Repetition of broadcast Packets in 802.11s Mesh

We have created IP-mesh using 802.11s (mesh11sd) with help of 3 routers. Each router is connected to RPI via ethernet cable through which we are sending broadcast packets and other RPIs are receiving. On careful observation we found that RPIs connected to the routers are receiving multiple packets of same sequence number.
Can you please help us with this abnormal behaviour or may be the possible cause of data repetition?

802.11s is a layer-2 mesh.
Could it be you see this because you have disabled STP? (Purely speculating here)

Have you considered using batman-adv on top of 11s if you need/want to have a layer-2 mesh, or if you instead want to have a layer-3, then using olsr2 or Babel?

So you have the 3 mesh nodes connected together with ethernet cables?

An 802.11s mesh is a WIRELESS backhaul. You have also connected with ethernet.
This will give you a bridge loop. Your broadcast packets will go via the mesh backhaul AND the ethernet.

This is not abnormal behaviour, it is a bad and pointless configuration.

What is it you are trying to achieve?

As you said in the first line,

802.11s IS a layer-2 mesh

..... Batman-adv is not needed for a wireless mesh backhaul.

I know that 11s can be used on it's own if it's forwarding mode is enabled, but it does not scale that well, right? Wasn't there a limitation on ~ 30 nodes? And you still have to deal with STP? Right? (Or does have 11s an buildin Feature to choose a path fast when the topology changes?)

I have never really thought about it... But there is an actual "routing" protocol build in 11s. I just find it confusing that's called routing but it does path based forwarding. However here is the

Site node: like 7 years ago I tried to use plain 11s at home and as I recall I've run into STP issues why I settled in the end by using batman-adv because of its loop avoidance feature. :man_shrugging:

There is probably a need for a separate thread for discussing 802.11s but for the benefit of all I will attempt to answer questions and pose others here for now.

I don't know where you got the idea that it does not scale well, but it is probably an historic misconception (see my later comments).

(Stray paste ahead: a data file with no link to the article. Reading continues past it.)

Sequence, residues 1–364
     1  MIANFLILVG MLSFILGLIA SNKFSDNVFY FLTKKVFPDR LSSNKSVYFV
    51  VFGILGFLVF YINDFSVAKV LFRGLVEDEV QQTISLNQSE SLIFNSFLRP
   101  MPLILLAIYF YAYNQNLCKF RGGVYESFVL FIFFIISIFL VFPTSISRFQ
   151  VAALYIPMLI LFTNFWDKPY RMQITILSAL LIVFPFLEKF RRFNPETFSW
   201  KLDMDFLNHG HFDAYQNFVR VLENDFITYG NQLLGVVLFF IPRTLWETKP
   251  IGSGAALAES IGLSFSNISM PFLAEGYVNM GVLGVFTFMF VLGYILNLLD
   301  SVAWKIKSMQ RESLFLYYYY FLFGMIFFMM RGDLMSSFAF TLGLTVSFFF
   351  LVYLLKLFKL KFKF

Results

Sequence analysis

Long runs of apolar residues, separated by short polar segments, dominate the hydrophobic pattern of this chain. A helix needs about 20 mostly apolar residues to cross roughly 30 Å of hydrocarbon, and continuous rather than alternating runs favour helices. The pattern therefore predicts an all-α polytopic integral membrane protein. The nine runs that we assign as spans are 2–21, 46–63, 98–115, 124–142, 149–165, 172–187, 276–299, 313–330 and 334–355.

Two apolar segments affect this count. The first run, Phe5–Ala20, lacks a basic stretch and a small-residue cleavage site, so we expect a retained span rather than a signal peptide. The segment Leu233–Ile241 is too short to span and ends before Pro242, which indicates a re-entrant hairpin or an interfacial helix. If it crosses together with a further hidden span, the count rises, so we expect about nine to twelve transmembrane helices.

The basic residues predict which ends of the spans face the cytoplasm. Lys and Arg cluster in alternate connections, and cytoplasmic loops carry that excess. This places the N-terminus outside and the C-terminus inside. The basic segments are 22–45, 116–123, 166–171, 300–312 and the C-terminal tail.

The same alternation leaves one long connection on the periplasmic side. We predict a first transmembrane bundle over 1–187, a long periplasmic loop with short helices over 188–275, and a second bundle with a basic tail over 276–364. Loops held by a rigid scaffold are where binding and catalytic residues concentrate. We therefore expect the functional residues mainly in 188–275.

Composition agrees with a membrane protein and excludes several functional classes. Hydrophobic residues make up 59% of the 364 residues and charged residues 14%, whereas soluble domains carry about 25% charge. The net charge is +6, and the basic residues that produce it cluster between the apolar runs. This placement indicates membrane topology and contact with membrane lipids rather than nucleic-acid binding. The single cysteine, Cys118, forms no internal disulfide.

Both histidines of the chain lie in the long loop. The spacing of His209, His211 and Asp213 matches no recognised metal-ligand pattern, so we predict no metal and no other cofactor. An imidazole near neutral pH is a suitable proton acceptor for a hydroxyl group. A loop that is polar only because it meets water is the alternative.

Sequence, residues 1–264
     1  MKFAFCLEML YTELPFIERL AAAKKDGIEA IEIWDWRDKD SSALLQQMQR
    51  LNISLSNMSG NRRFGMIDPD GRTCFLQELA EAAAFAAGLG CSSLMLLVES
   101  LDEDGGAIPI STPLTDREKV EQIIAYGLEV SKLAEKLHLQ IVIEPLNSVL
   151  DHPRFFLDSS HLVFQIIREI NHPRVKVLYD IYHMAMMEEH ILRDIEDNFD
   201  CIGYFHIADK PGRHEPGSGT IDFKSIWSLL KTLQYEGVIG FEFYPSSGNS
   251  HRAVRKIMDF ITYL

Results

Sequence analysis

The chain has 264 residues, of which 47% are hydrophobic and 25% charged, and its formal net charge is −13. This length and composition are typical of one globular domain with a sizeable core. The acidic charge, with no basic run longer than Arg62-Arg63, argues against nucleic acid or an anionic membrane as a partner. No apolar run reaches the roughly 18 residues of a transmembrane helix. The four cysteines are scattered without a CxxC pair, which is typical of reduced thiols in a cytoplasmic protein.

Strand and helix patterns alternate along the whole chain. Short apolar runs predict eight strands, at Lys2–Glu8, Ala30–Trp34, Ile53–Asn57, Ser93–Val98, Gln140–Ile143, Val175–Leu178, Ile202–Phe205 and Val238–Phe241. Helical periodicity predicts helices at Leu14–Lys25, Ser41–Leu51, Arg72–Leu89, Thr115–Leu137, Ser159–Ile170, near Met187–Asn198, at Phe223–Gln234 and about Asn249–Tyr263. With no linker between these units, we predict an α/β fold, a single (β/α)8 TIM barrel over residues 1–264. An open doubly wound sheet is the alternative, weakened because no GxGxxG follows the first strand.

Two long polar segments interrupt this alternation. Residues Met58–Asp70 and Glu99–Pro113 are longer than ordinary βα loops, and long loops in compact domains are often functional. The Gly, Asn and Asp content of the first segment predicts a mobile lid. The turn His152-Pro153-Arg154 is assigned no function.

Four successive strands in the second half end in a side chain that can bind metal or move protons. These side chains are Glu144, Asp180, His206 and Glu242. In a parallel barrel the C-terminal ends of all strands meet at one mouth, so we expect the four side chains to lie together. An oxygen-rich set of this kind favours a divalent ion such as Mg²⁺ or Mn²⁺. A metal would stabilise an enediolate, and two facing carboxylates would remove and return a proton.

No, there never has been. There is a limit of 255 direct peer connections allowed per node.
A direct peer connection means a "single hop" to an immediate neighbour.

This means a node can have up to 255 directly linked peers. In typical dense 3D mesh I would expect no more than 10 or so directly connected peers, so 255 is way more than would normally be needed.

Yes, 802.11s has a "built in feature". Normally STP is not required, unless you have inter-node links by some other medium (eg ethernet), in addition to the mesh backhaul.

It is normally referred to as mac-routing (working at layer 2), to differentiate from ip-routing.

The mac-routing protocal is known as Hybrid Wireless Mesh Protocol (HWMP)

Seven years ago, 802.11s support in OpenWrt was very incomplete. It was impossible to configure mesh nodes fully using the standard OpenWrt uci config, and encryption of the mesh links was experimental and at best was flaky and at worst would crash the wireless drivers.

This has long been fixed. The mesh11sd package now handles dynamic mesh parameter setting not possible in the standard wireless config.

You can see an overview here:

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Thanks for your reply,

Could you please help me to Tune STP Timers? What will be the best values of below parameters'?

  • hello
  • max age
  • forward delay

I am greeting high latency in network post enable with default values.

Why do you think you need STP?
You have not answered the questions I asked over a week ago....

As we have IP-mesh on Radio 1 and each router is connected to RPI via ethernet cable. We are sending broadcast packets on each RPI and other RPIs are receiving.
But we found that RPIs are receiving multiple duplicate packets instead of receiving exact count which we broadcasting in network.

So, we want to stop these duplicate repeated packets.

What is an IP-mesh?

An 802.11s mesh is purely a layer 2, mac-routing wireless backhaul that can carry all sorts of traffic. It neither knows nor cares about any IP packets it may carry.

So you have your routers connected by ethernet?
Why do you think you need a mesh backhaul?

I pretty much asked these questions earlier and you have ignored them......

What are you trying to achieve?